According to a statement released by Showmax on Wednesday, Covid-19 has "significantly impacted viewing behaviour" on its platform.
Data shows that South Africans are turning to the local video-on-demand service as a helpful escape during the nationwide lockdown which started at midnight on 26 March.
The number of active users on Showmax has increased with 50% while play events have "more than doubled" from peaks before the pandemic.
Before the outbreak of Covid-19, Showmax would ordinarily see a lull in views on Wednesday and Thursday with views slowly increasing from Friday while peaking on Sunday.
Since 15 March the number of people on the service has maintained the "Sunday peak" and then started rising for six days straight. President Cyril Ramaphosa on 15 March in an address to the nation announced the first drastic measures to curb the spread of the coronavirus which included banning gatherings of more than 100 people.
There was then another big jump when lockdown officially started on Friday, 27 March and the upward trend has continued from there.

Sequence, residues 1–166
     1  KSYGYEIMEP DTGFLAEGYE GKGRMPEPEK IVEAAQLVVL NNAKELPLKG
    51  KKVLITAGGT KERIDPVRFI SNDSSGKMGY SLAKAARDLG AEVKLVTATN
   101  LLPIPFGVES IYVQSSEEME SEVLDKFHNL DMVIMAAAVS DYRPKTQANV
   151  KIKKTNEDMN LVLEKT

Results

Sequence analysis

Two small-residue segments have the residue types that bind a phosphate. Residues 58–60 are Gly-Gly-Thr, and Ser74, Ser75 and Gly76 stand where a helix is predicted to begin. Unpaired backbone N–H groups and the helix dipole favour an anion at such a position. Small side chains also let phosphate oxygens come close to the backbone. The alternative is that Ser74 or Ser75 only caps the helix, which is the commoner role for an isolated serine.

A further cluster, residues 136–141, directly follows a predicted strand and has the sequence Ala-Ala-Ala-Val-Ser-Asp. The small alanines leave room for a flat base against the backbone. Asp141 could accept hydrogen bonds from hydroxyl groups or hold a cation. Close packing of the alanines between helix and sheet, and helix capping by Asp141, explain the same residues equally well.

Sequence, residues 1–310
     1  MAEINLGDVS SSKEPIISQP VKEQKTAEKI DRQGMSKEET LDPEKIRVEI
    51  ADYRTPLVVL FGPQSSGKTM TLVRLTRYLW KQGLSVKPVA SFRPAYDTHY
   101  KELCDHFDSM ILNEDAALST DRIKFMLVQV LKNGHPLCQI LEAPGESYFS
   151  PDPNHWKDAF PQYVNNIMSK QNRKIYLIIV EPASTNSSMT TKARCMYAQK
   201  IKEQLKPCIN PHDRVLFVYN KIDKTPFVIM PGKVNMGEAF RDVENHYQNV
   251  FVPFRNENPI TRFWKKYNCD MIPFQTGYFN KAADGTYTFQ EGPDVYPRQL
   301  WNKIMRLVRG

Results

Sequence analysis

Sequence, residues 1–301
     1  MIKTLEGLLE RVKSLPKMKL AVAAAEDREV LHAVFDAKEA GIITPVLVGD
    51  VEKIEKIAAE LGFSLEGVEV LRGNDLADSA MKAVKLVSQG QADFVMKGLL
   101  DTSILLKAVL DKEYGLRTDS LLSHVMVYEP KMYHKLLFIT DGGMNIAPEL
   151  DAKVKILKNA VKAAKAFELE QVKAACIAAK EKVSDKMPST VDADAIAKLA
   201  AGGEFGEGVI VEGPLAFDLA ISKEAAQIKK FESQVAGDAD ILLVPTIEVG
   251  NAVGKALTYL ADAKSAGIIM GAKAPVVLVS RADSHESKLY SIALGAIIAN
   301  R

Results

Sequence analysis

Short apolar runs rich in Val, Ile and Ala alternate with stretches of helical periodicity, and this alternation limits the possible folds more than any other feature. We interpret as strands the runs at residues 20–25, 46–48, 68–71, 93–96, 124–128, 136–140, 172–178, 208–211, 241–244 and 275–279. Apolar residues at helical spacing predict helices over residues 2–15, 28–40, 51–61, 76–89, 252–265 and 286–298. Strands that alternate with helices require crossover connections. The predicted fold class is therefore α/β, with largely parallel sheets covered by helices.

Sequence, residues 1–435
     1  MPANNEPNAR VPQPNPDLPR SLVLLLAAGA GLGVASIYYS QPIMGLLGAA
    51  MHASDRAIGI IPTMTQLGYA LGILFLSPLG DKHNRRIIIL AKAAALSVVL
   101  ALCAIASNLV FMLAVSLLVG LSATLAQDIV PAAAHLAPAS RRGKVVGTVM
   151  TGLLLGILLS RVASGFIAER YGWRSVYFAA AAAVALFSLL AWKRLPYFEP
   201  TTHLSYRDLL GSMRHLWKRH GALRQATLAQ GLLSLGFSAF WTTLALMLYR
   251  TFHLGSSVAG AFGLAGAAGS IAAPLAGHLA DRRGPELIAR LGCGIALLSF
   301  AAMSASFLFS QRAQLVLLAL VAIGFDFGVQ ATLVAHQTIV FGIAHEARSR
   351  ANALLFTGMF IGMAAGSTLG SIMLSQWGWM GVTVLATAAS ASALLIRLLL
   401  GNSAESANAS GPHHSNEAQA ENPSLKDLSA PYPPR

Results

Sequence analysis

Even more interesting is "usage" as measured by play events. (A play event is where someone clicks play on a TV show, movie or live channel).
The "Sunday peaks" for play events already started getting higher in late February and by 15 March the number of play events was more than 20% higher than a month earlier (this is measuring peak to peak). From that point onwards, Showmax saw rapid growth, with the peak this past weekend - more than double the peak in viewing events in mid-February.
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"We’re in the fortunate position of being able to do something to help people through this period. We’ve added live news and education channels to Showmax using the streaming functionality originally set up for sport," said Niclas Ekdahl, CEO of the Connected Video division of MultiChoice.
He added: "We’ve also created edutainment content rows to help parents, and we’re even adding yoga and other exercise programming. At the same time, we’re managing our traffic load on mobile networks to make sure internet access isn’t interrupted, and we’ll keep looking for other opportunities to make a difference."